Most everyone is familiar with creating Windows Installer Transforms (.MSTs) using an authoring tool. CSI_INI2MST.vbs allows you to create transforms using just an INI file - or a whole set of INI files! First let's talk about the usefulness of being able to create MSTs using a script and an INI file...
When To Use Code To Build a Transform
Here are several scenarios where programmatically creating MSTs can be helpful (if you've found others please contact us):
- Allow a local site or region to customize centrally managed .MSIs without a full authoring tool license while also avoiding ORCA. ORCA allows many things beside properties to be editted. Orca also risks accidental alteration of the .MSI if the transform is not correctly specified before editing.
- On the fly transform generation by deployment scripts that have access to information about the machine being deployed to. The alternative is to use properties on the command line during deployment, however, application settings in properties on the command line do not make it through to HKCU when the real user activates the application and receives their HKCU self-heal. By contrast, properties in a transform are available during this self-heal event.
- Any tool, utility or scripting language that can generate an INI (and the individuals skilled in these tools) can now create a transform programmatically.
- Possible implementation of a central customization database that outputs INIs for mass MST creation in cases where many variations of an MSI must be supported.
Flexible Syntax and Operation
Here are some of the aspects of CSI_INI2MST.vbs that make it flexible and powerful:
- Can discover INIs in the folder it runs from (no script arguments) or a folder or list of folders given on the command line.
- It can take an individual INI or list of INIs on the command line.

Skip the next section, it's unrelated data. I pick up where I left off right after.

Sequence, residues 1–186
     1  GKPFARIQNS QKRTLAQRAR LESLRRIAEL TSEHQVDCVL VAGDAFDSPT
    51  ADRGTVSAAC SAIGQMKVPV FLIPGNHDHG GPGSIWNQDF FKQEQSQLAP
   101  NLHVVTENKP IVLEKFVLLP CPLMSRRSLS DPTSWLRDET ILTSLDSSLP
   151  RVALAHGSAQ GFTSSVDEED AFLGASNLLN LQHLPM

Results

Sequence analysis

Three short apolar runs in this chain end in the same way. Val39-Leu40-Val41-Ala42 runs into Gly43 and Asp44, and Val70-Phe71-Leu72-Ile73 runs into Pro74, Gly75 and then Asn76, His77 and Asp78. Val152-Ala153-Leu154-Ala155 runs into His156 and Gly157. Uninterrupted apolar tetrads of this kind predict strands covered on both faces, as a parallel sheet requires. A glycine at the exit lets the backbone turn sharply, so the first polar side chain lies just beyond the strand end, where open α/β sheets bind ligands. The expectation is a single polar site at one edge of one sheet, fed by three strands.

- You can combine both a list of INIs and folders on the command line - they can be relative (to the script folder) or absolute paths.
- The generated MST will have the same name and folder location as the INI that generated it, except if you manually code an MST name into the INI.
- Manually coding an MST name into the MST allows the MSTs to be in a different folder than the INI that creates it.
- When an MST that matches the name specification of an INI file already exists, it will only be regenerated if the INI file has a newer modified date than the MST. (Has been updated since the original MST was created).
- The script will prompt for INI values that are set to blank.
- You can force a specific prompt by setting a property to "/PThis is the prompt text" (e.g. SERIALNUMBER=/PType The Serial Number)
- Generated transforms have no MSI validation flags and work with any .MSI
- Zip contains several sample INIs to demonstrate capabilities.
Command Line Samples
- Searches script folder for all INIs and processes them
- process properties.ini and create a transform named properties.mst
in the same folder as the INI if the INI does not specify another name
- process all INIs in v:\test and generates transforms in the same
folder as the INI if the INI does not specify another name
- process all INIs in testfolder (subfolder of script folder),
processes properties.ini in script folder, processes all inis in
v:\test and processes v:\mstinis\abc.ini and generates transforms
in the same folder as the INI if the INI does not specify another name.
But It Only Does Properties!
That is correct! It needs to stay simple. If you currently have per-site or per-region package customization that requires editing other parts of an MSI package, you may wish to re-engineer them so that they retrieve all their customization data from properties - then this solution will work for them as well. (It's actually a best practice anyway ;)
In the Zip File
The zip file also includes some INI file samples to demonstrate how various processing options work.
Where's The PowerShell?
PowerShell cannot directly access the MSI scripting objects responsible for package manipulation (the MSI WMI provider has never allowed for package creation / modification) so VBScript is the solution of choice for this activity.